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Pregnancy multivitamins -
Are they essential, or just a pricey gimmick?

Extra nutrients might be useful for expecting mothers

Pregnancy multivitamins are not just average supplements you can take whenever you want. They’re essential for expecting mothers because they can reduce birth defects, keep low weight at birth, and minimize other complications. Yet, in spite of their great benefits, women should first consult with a gynecologist to be sure if supplementation is required or not.

Pregnant women are recommended to take iron and folic acid because these vitamins can prevent neural tube defects, help the placenta develop, and increase the blood volume. Yet, there are numerous other minerals and vitamins meant for breastfeeding, pregnancy and even conception, and they’re all claiming to be extremely important. Are they really that useful?

Little girl hugging mum's pregnant tummy
Good nutrition is essential for expecting mothers for their own health and
to reduce birth defects or other complications.

Micronutrient necessities of pregnant women

The National Health and Medical Research Council (NHMRC) recommends daily intake of several nutrients for pregnant women, according to latest evidence. Some of the most important minerals and vitamins are:

   Iron - it is important for the mother, the placenta, and the fetus

   Folic acid - women should take 500 mcg with one month before conception and continue with 600 mcg after that

   Iodine - is vital for the mental development and normal growth of the baby

   Vitamin D - helps the body absorb and use calcium

   Calcium - the fetus needs increased quantities of calcium for healthy teeth, bones, nerves, muscles, and heart.

   Vitamin B12 - is important for the neurodevelopment of the baby and it can be found in eggs, flesh and dairy.

   Omega 3 fatty acids - support the baby’s neural development

Warning: There are certain supplements that may cause serious problems if they’re consumed in excess. One of them is vitamin A, which is generally available as retinol or it is obtained from beta carotene. When consumed in increased amounts it can be toxic for pregnant women. Vitamin B6 is usually used to relieve nausea, but it can also be dangerous and may prevent the baby from developing properly. Likewise, you should consume only moderate quantities of iron because higher levels can lead to constipation and gastrointestinal pain.

A pregnant's woman tummy
The fetus requires minerals and vitamins for development,
provided by the mother while pregnant.

Do you really need special supplements?

Taking mineral supplements and vitamins for pregnancy can be helpful, especially in countries where malnutrition is extremely common. However, if you have a healthy daily diet and you eat lots of vegetables, fruits, dairy products and nuts you may not need pregnancy multivitamins. There are numerous nutritional benefits from food that cannot be obtained from a pill, and let’s not forget that no pill can undo the effects of a negative diet.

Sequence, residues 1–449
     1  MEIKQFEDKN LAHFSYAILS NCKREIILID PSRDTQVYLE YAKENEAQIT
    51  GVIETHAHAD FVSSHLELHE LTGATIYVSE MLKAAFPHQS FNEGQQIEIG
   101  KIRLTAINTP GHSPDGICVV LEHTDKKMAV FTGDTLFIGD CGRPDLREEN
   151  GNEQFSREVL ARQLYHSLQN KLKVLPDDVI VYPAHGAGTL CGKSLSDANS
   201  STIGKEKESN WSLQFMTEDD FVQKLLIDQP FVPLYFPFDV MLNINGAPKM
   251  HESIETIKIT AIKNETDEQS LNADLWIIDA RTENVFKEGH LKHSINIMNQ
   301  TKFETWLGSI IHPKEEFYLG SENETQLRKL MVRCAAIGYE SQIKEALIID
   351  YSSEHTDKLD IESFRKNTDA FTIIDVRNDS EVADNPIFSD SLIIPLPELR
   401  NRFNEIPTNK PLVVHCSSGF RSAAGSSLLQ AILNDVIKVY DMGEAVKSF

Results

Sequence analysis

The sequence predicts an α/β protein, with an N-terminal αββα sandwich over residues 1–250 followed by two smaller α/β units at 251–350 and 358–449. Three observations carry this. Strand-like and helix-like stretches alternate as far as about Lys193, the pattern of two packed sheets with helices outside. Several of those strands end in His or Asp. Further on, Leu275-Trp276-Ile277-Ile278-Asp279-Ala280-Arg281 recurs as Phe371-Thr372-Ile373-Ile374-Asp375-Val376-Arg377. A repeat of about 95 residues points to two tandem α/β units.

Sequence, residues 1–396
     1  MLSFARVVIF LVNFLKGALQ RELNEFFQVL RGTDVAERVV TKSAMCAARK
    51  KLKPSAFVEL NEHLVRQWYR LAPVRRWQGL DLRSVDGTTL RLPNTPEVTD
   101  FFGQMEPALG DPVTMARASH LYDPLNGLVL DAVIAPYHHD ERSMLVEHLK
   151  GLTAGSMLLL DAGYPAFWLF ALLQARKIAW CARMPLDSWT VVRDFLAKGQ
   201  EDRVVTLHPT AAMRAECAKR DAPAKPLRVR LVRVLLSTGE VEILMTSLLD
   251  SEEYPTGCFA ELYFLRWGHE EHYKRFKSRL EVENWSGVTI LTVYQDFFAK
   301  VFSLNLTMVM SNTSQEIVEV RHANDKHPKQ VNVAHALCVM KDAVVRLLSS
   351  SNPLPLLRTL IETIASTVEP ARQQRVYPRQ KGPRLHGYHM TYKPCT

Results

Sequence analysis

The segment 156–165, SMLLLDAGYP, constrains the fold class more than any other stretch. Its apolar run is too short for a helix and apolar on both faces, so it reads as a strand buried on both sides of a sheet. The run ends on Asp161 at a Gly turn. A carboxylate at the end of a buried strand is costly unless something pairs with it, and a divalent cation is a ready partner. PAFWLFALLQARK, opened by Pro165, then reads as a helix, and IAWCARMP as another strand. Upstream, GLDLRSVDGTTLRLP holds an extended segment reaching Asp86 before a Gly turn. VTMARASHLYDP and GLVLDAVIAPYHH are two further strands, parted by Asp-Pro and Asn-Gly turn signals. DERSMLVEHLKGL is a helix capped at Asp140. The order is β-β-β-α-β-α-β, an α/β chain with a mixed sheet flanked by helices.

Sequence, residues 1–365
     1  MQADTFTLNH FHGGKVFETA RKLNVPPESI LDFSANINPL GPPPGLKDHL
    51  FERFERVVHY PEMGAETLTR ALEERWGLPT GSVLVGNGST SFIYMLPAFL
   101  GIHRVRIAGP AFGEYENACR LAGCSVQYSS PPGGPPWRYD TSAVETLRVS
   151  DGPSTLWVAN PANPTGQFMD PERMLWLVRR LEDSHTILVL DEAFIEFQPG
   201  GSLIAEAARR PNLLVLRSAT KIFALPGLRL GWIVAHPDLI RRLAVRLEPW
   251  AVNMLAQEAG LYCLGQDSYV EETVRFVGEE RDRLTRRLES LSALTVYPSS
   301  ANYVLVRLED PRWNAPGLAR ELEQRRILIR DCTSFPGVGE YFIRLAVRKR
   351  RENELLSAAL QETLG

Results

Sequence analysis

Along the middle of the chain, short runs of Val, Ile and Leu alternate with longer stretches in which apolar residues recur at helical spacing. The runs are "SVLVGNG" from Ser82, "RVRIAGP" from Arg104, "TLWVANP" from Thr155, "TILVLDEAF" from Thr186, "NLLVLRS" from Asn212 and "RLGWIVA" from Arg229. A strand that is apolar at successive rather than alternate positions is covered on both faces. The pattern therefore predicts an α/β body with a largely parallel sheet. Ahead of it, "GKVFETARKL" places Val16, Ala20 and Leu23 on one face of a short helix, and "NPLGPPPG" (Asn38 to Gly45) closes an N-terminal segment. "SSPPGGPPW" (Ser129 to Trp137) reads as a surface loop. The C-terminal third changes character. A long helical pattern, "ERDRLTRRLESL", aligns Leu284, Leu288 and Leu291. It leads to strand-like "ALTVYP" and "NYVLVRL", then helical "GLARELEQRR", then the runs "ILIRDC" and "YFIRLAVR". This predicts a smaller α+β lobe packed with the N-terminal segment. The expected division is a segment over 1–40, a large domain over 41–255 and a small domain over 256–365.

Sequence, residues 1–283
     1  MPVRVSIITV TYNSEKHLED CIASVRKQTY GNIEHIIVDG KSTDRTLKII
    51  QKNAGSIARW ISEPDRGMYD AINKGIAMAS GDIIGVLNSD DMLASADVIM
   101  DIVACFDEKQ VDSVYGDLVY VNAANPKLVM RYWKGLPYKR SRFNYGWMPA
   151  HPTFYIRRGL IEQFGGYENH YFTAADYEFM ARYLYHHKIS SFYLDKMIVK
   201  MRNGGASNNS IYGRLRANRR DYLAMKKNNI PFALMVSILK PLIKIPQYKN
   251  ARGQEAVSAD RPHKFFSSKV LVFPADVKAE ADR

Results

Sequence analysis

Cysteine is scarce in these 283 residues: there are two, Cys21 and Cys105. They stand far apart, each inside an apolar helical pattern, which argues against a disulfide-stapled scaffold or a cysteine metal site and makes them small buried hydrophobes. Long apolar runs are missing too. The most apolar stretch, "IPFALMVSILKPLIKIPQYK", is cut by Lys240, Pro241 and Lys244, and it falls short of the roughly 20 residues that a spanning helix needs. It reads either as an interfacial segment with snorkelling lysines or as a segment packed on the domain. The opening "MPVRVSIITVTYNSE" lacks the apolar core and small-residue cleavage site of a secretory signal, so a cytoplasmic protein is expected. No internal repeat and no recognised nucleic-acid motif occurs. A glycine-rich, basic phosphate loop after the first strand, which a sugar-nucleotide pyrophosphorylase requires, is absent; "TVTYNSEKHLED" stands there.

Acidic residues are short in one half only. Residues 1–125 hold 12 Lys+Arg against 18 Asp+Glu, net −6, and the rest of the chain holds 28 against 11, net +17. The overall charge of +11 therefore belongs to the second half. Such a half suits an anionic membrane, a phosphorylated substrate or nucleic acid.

Unfortunately, most women these days don’t have a diet that’s 100% healthy. Not to mention that some future mothers make efforts to eat well because they suffer from severe morning sickness. For this reason, extra nutrients might be useful during pregnancy.

A healthy and equilibrated diet should obviate the need for mineral and vitamin supplementation. Yet, lactation and pregnancy create additional nutritional demands for women, and in this case supplementation is advisable. Some of recommended supplements:

  » Folic acid and iodine for all expecting women

  » Increased quantity of folic acid for women with a multiple pregnancy

  » Vitamin B12 for vegetarians

  » Iron for vegetarians and women with multiple pregnancy

  » Calcium for those who don’t eat dairy

  » Vitamin D for deficiency

Expecting mum with a large tummy laying on bed
Prenatal vitamins and nutrients will help your baby's growth and health

Talk to your health care provider about vitamin supplementation

Prior to starting to take vitamins, discuss with your health care provider about supplementation. He will be able to recommend vitamins and nutrients that you and your baby need. Most pregnancy multivitamins available in stores feature iron and folic acid, but most of them have only small quantities of calcium, fish oil and other essential vitamins.

Prenatal vitamins are meant to help your baby growth health. Yet, they don’t guarantee that a 100% healthy child at birth. The main benefits of these vitamins are that they can fill in the gaps and help mothers cope with vitamin deficiencies.

Specialists are mentioning that supplementation can give mothers an artificial sense of security. Just because you’re taking them it doesn’t mean you can postpone a doctor’s appointment or cut out essential food from your diet.

Make an appointment and talk to your health care provider about taking vitamins first. Don’t take them just because you know they’re good. Note that we’re talking about pills, and pills have side effects.

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